Summer 2016 was fairly uneventful until August arrived with its long stretches of hot, humid weather that pushed up demand for air conditioning and the electricity that powers it. Despite a high number of unexpected resource outages on one August day, ISO New England’s control room operators were able to operate the power system reliably that day and throughout the summer.
August heat wave
During a mid-August heat wave, the steamy weather and unexpected resource outages created a shortage of reserves for several hours on Thursday, August 11. Sweltering heat pushed up demand, even as the power system lost nearly 4,300 MW of resources that dropped offline unexpectedly over the course of the day. A large number of resources tripped offline in the morning, causing the ISO to implement Master/Local Control Center Procedure No. 2 at 10:30 a.m. That’s a precautionary measure requiring market participants to cease non-emergency maintenance and repairs that could affect the reliability of the power system.
As the day progressed, demand continued to rise and more generators became unavailable. To handle the rising demand and continuing forced outages, ISO New England implemented two actions of its Operating Procedure No. 4 to remedy a capacity deficiency and keep the power system operating reliably. At 1:50 p.m., ISO New England declared an operating reserve deficiency, allowing the ISO to operate the system with reduced reserves. At 2:25 p.m., the ISO dispatched approximately 190 MW of demand-response resources—companies that agree to reduce their power use when called on by the ISO—in all of New England, with the exception of Maine. Preliminary figures indicate that the demand-response resources provided a reduction in demand of about 183 MW, for a response rate of about 96%. The demand-response reduction was ended at 6:30 p.m., and Operating Procedure No. 4 was cancelled at 7:30 p.m.
In competitive markets, reserve shortages are expected to push prices up, and that happened for short periods during the August 11 capacity deficiency. During two five-minute intervals (from 2:50 to 3:00 p.m.), wholesale power prices spiked to $2,690.60 per megawatt-hour (MWh). New England’s wholesale markets produce prices every five minutes in real time but are settled on hourly averages, so the highest hourly average during the day was $1,438.97/MWh for the hour from 2 to 3 p.m. The average price for the entire day was $254.97/MWh and the average real-time price of wholesale electricity for the month of August was $40.19/MWh.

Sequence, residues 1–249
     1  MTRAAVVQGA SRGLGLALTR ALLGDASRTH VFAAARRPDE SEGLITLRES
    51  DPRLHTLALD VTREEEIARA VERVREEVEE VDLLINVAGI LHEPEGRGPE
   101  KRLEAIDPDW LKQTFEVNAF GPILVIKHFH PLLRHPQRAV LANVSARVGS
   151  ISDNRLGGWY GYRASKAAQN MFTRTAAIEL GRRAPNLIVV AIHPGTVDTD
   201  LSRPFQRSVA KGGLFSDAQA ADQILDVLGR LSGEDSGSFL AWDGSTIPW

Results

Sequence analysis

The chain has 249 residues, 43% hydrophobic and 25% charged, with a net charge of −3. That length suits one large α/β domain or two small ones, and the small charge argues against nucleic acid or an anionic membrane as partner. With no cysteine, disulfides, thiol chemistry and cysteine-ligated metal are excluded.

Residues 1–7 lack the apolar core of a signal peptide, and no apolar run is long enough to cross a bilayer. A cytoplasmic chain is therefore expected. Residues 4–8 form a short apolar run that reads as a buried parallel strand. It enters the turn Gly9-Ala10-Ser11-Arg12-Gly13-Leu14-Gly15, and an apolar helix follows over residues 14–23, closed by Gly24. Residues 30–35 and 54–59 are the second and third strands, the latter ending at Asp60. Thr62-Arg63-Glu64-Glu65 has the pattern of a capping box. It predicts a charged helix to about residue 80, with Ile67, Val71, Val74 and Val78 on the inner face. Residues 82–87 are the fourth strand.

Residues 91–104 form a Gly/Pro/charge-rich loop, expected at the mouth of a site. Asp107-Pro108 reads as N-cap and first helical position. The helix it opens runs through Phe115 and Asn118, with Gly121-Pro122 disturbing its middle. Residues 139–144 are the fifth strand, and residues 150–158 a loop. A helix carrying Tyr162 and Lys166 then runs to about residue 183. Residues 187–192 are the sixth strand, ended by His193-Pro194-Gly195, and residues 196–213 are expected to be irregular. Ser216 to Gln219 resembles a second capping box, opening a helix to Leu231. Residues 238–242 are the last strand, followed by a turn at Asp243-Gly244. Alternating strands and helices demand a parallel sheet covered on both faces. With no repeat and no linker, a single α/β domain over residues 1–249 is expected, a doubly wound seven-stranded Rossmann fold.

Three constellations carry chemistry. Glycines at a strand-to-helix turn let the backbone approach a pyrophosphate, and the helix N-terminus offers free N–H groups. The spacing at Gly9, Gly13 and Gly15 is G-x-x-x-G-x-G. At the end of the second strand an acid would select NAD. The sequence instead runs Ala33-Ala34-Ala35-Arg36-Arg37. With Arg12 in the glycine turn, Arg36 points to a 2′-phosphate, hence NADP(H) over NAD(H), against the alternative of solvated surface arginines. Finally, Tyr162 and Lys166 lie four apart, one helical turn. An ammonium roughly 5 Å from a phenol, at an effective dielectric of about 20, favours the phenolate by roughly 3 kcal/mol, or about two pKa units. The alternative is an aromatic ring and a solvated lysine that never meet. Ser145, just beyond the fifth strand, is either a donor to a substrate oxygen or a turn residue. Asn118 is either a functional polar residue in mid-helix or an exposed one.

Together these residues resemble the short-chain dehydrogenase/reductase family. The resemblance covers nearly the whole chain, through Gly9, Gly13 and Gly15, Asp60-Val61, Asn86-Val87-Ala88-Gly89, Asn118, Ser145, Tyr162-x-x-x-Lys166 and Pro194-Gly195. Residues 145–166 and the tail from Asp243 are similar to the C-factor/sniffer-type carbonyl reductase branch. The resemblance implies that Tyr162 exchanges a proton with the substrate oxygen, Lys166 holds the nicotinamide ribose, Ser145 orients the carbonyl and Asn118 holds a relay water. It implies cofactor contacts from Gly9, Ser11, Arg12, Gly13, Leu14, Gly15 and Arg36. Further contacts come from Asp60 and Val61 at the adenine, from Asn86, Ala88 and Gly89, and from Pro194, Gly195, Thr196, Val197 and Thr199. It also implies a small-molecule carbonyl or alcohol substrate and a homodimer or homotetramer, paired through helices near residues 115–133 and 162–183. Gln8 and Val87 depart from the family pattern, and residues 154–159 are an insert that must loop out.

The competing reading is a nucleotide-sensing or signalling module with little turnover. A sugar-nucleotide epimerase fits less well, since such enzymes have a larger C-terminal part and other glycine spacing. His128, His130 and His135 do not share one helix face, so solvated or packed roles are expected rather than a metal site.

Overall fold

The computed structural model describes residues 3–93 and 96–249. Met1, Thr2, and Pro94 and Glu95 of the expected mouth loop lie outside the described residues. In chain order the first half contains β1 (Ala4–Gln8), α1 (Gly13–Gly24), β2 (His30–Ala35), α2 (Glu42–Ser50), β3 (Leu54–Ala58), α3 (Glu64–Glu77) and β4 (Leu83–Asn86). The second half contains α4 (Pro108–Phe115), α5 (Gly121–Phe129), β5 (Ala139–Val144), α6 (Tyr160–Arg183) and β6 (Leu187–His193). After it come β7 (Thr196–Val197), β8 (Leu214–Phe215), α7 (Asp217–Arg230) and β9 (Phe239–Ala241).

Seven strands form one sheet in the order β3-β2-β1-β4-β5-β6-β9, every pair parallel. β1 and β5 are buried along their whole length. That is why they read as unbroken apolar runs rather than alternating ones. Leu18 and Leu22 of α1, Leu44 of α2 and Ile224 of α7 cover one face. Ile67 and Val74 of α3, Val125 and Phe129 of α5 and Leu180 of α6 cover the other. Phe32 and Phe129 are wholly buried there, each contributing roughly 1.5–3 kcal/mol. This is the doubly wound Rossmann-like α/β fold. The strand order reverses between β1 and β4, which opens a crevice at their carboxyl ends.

Demand peaked on August 11 during the hour from 4 to 5 p.m. at 25,037 MW.* The following day, on Friday August 12, the heat wave continued and demand peaked during the hour from 2 to 3 p.m. at 25,521 MW, which stands as the peak demand for the year. While demand was higher on August 12, power plants on the regional power system were able to generate sufficient electricity to meet consumer demand plus the required levels of reserves.
Third-highest weekend peak
Two days later, on Sunday August 14, with continuing heat and humidity, New England scored the third-highest peak demand on a weekend day at 24,017 megawatts (MW) during the hour from 5 to 6 p.m. In New England, the record for the highest peak demand on a weekend day was set on Saturday, July 20, 2013, at 24,668 MW, with the second-highest weekend day coming in at 24,065 MW on Saturday, August 13, 2005. The highest overall peak demand in New England occurred on Wednesday, August 2, 2006, at 28,130 MW.